being a teacher, being me

For the Kids Who Show Up

This is for the kids whose stories I don’t know yet.

This is for the kids whom I haven’t met.

This is for the kids whose names stare at me from class lists, whose eyes shine brightly in their school pictures, who right now mean little to me.

But they will.

This is for the kids who hope we will like them, maybe even love them.

For the kids who need us to have their backs.

For the kids who are scared to share who they are.

For the kids who were scared and shared anyway.

This is the for the kids who were born this way, somehow deemed not normal in our gender/race/religion obsessed society.  Who fear the wrath of those who label them different.  Who are scared before they come to our schools.  Who don’t think they will be able to find a book among our piles that speak to who they are.

This is for the kids who are part of all of the kids we say we teach when we write our fancy vision statements, when we discuss how we are going to create safe schools and then do nothing to create community.

This is for the kids who need us most, who may not even be able to share why they need us, yet look to us to keep them safe as they try to access the education they have been promised.

So as we head back to school.  As we start our trainings.  As we meet as a community to discuss how this will be the year we try to reach all the kids, make sure we are really talking about ALL the kids.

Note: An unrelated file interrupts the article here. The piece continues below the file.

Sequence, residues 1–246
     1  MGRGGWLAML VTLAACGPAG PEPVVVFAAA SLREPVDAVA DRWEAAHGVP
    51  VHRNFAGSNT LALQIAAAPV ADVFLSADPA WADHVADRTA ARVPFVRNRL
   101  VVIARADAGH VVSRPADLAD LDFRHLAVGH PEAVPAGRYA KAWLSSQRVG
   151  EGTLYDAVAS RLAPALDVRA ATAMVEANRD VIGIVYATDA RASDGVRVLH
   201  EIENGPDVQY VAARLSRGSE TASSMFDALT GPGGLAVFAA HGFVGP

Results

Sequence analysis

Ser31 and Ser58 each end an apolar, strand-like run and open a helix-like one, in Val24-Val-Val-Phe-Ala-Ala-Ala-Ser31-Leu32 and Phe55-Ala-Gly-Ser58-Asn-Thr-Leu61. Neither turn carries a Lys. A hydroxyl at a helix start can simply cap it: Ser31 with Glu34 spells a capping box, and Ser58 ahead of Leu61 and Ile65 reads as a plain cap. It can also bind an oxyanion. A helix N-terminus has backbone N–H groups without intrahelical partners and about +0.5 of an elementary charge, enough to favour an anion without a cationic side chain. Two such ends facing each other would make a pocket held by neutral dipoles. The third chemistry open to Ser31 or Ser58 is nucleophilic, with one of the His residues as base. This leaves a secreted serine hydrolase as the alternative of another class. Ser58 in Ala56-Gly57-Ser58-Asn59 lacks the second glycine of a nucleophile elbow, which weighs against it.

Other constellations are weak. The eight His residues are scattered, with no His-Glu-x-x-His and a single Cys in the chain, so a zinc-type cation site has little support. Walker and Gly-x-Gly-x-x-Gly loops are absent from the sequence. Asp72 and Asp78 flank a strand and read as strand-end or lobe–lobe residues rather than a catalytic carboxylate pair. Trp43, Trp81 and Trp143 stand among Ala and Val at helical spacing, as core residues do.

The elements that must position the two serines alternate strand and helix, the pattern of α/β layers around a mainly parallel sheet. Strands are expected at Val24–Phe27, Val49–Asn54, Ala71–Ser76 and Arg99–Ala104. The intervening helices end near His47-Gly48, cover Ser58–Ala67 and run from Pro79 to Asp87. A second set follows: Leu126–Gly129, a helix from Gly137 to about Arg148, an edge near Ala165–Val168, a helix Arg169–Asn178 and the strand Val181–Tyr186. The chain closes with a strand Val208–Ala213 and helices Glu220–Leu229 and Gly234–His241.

Not just the white kids.

Not just the money kids.

Not just the cis kids.

Not just the straight kids.

Not just the Christian kids.

Not just the kids that fit whatever default view we have of what normal is.

As teachers, we try to speak up for all of our kids but we need to know that our schools have our back.  That we can create communities that are truly safe for all the kids that show up and not just for those someone decided deserved to be protected.  That our school boards mean it when they say that this school, this community, is for all kids to succeed, for all kids to have a chance.  Not because it is politics, but because it is human decency.

This is for all the kids who dread the first day of school because they are not sure what they will face.  This is for the teachers who fear as well.

We may not be many.

We may not be the majority.

We may not always get it right.

But we see you.

And in our eyes, you are normal.  In our eyes you are just the child we hoped would show up, so welcome.  I am glad you are here.

PS:  Go read Dana Stachowiak’s post 

5 thoughts on “For the Kids Who Show Up”

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